By Rebecca Le Grice, Curator Natural History
& Johnathon Ridden, Associate Curator Natural History
Often we don’t notice the most abundant and diverse part of the Waitaha Canterbury community. This landscape is home to thousands of insect species which have lived here for millions of years. From beetles to admiral butterflies and perfectly camouflaged stick insects, some of these insects are so committed to the Canterbury lifestyle that they are found nowhere else in the world.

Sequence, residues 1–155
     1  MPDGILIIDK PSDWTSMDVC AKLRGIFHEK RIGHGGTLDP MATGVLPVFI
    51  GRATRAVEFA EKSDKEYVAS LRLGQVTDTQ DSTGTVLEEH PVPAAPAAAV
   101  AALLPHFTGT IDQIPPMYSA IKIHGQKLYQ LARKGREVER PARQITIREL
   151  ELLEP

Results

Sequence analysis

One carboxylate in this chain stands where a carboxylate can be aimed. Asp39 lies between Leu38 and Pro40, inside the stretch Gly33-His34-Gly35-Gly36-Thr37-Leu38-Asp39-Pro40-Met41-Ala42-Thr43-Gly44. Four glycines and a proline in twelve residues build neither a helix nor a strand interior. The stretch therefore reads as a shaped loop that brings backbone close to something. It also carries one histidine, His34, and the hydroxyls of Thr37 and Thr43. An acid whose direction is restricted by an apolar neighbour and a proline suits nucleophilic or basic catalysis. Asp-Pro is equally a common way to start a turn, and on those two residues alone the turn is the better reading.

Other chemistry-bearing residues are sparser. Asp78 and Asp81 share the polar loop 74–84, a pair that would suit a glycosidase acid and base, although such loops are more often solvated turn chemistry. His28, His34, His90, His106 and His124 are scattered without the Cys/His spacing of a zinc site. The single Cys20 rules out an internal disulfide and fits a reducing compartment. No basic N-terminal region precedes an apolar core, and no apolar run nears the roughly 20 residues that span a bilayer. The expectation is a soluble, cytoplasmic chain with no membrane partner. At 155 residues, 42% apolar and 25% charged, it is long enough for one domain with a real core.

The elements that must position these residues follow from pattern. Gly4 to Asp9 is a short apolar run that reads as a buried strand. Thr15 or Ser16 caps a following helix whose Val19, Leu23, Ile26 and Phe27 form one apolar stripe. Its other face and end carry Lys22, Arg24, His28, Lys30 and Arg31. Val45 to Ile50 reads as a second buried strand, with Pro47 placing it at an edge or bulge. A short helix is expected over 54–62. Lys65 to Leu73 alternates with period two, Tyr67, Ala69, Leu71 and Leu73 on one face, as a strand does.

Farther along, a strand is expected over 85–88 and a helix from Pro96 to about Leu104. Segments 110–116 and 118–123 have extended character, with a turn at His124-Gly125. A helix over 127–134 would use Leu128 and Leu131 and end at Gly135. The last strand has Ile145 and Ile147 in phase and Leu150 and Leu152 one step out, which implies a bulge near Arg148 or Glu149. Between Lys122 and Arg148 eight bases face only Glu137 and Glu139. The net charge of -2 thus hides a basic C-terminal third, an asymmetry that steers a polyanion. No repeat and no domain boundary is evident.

Bordered by ocean on one side and mountains on the other this landscape has a wide range of different habitats where insects can live. Before people arrived, this region was covered in vegetation including vast forests and wetlands. It isn’t possible to overstate the ecological and social importance of these often-forgotten critters. They are found in a variety of unique environments, from coastal dune ecosystems to sub-temperate rainforests, all the way up the mountain into grasslands and rocky scree slopes.
Sadly, extensive changes in the landscape and the climate have marginalised many species to pockets of remnant habitats and, in some cases, they have disappeared from the area.